Themes on Windows Phone 7 Devices (part 2) - Changing the Theme & Detecting the Currently Selected Theme

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2. Changing the Theme

In this part of the walkthrough, you will change the emulator's theme to observe the effect it has on the Theming application.

  1. Press the Windows button on the emulator to bring up the Start screen. Then press the => key and select Settings => Themes to bring up the Themes dialog.

  2. Change the background to Light, and change the accent color to Red (note that you may have to scroll to locate the red accent color).

  3. Press the Windows button again to go back to the Start screen. Note that your application is no longer running (it stopped when you pressed the Windows button), so go back to Visual Studio 2010 Express and press F5 to re-launch your application.

  4. Notice how you can see the same controls as before, except the ellipse that you drew from code is nowhere to be found. Figure 2 shows two versions of the same application side by side, each with a different theme:

    Figure 2. Two themes applied to the same theming application example

By now, you have probably guessed that the reason the ellipse is not visible is that the application paints it white and then displays it on a white background. But how did the other controls manage to show up on the white background, when they originally were white themselves? And how can we make the ellipse behave the same way?

The answer to both of these questions lies in a Windows Phone 7 concept known as theme awareness. By default, Windows Phone 7 controls are theme-aware and adjust their appearance based on the theme selected on the device. Problems arise when the color values are hard-coded in the control, as you have done for the ellipse and the rectangle border. In the next few steps, we correct the issue of hard-coded colors, first with a designer and the second in code:

  1. If it's still running, stop the application. Open MainPage.xaml in the design view, and select the rectangular shape. Press F4 to bring up the Properties window, and then click the diamond symbol to the right of the Stroke property.

  2. From the pop-up dialog that comes up, click Apply Resource. From the next dialog, double-click the PhoneAccentBrush setting to use the currently selected accent color to draw a rectangle.

  3. Now, you will adjust the color of the ellipse to the currently selected accent color. Since you drew the ellipse from code, open the MainPage.xaml.cs file and change the following line of code.

    Color backgroundColor = Color.FromArgb(255, 255, 255, 255);


    Color backgroundColor = (Color)Application.Current.Resources["PhoneAccentColor"];

Press F5 to run your application. You should see both the rectangle and ellipse appear in red (or the currently selected accent color).


Avoid using hard-coded values for color if at all possible. It is hard to predict what combination of themes a user will choose, and your visual elements may not show up as desired. Instead, use one of the predefined theme resources (a full list of resources is available at to ensure that your application is fully theme-aware, in accordance with Metro design principles.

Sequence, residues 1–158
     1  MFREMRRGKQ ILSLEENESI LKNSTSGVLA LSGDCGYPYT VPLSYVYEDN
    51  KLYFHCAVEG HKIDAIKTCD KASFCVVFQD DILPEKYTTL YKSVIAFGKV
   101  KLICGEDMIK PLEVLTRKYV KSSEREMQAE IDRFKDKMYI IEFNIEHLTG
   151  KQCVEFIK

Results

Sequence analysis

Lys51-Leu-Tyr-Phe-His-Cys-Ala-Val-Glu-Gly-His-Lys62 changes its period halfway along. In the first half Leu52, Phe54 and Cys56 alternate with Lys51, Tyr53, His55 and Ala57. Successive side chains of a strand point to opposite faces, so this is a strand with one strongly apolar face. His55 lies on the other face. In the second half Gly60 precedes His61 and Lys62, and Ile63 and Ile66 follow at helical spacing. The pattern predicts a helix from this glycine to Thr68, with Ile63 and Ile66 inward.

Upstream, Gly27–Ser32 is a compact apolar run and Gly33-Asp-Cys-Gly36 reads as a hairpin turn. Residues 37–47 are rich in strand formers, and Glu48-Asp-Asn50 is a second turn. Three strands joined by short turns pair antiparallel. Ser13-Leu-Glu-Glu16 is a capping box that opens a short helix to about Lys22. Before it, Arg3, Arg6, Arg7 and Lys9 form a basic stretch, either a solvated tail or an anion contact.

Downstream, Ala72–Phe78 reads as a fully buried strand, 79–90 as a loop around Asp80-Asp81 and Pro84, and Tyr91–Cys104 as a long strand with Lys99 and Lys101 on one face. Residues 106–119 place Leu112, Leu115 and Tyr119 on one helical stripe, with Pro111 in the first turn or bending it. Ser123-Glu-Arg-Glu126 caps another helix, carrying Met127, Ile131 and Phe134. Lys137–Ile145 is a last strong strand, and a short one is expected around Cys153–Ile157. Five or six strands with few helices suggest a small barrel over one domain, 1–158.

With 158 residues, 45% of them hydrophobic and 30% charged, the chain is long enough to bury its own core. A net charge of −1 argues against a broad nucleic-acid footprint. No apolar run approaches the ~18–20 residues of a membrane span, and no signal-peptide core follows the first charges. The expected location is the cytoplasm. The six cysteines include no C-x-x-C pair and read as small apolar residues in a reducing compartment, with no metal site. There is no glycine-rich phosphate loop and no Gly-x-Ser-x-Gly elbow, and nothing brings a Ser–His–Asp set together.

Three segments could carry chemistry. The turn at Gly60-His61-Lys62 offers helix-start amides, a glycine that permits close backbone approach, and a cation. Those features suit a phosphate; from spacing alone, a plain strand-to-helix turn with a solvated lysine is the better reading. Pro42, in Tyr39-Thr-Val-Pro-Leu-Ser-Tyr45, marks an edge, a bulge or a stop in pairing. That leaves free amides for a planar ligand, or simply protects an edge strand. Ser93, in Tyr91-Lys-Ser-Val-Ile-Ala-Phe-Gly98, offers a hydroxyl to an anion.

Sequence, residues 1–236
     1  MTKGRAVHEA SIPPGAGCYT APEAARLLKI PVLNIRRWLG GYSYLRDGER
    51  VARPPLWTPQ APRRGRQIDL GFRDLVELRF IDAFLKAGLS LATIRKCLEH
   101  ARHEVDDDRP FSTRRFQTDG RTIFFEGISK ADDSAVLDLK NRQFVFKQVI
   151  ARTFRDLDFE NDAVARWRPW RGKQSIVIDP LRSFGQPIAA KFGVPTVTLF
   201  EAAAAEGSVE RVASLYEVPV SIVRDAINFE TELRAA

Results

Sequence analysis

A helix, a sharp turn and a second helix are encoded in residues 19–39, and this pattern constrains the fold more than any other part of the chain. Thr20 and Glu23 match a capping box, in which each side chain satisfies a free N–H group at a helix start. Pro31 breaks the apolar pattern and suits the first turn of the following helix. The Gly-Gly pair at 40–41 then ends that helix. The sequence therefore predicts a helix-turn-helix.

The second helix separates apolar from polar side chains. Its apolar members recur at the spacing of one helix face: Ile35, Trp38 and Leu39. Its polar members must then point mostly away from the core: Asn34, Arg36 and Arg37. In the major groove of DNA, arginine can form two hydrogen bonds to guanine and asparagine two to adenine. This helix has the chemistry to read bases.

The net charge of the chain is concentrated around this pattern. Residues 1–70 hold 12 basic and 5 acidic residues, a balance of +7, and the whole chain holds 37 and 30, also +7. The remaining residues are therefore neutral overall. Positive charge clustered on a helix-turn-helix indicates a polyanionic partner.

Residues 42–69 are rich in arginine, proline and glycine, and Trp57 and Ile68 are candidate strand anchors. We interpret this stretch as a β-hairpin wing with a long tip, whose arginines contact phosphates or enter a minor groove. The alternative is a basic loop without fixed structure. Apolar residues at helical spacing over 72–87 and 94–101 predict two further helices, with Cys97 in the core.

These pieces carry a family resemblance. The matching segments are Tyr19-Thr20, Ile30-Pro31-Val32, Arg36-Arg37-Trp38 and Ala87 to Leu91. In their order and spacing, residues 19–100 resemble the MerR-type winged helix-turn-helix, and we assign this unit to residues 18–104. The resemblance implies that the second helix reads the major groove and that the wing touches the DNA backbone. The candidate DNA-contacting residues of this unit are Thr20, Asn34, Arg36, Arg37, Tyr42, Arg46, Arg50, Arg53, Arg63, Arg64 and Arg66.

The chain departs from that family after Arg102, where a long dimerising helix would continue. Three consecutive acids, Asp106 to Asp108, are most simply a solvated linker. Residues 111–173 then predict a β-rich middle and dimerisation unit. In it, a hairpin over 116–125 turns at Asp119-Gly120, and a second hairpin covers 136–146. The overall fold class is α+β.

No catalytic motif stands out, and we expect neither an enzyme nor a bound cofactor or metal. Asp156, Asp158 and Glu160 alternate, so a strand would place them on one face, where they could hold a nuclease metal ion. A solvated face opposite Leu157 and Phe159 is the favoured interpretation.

Now that you know how to ensure your application is theme-aware, in the next section you will learn how approach cases where you absolutely must customize your application based on the currently selected theme.

3. Detecting the Currently Selected Theme

Sooner or later, you're likely to encounter cases where you'll want to customize your application depending on whether a dark or a light theme is currently active. For example, you may have a beautiful custom graphic within your application that simply does not render well when the background theme colors are changed; instead you would like to show a different graphic depending on the currently active theme. The following walkthrough shows you how to accomplish just that—it detects the currently selected theme and adjusts the message based on whether the current theme has a light or a dark background.

  1. Launch Visual Studio 2010 Express and select the Windows Phone Application template. Change the Project Name to "DetectTheme," select OK, and Visual Studio will set up a new project.

  2. Open MainPage.xaml in design mode, and add a TextBlock to the page. For this walkthrough, you will simply modify the message within this TextBlock; for real-world applications, you will probably choose to do something a bit more exotic than this, such as showing different images.

  3. Open MainPage.xaml.cs (right-click MainPage.xaml in Solution Explorer and choose View Code) and add the following code to the MainPage() constructor, right below the InitializeComponent() method:

    Visibility v = (Visibility)Resources["PhoneLightThemeVisibility"];
    if (v == System.Windows.Visibility.Visible)
    textBlock1.Text = "Let there be light!";
    textBlock1.Text = "It's dark!";

Notice how you are using the Visibility property to determine whether the light theme is visible, and to then take action accordingly.

Press F5 to run the application. If you still have a light background selected from the previous walkthrough, you will see a "Let there be light!" message. Otherwise, a "It's dark!" message will be displayed.

We touched on the basics of theming and took a look at how to make your application theme-aware and how to customize its behavior based on the theme selected. Now, you will look at the controls provided as part of Windows Phone 7 Developer tools, since it's those controls that really complete the Metro experience.

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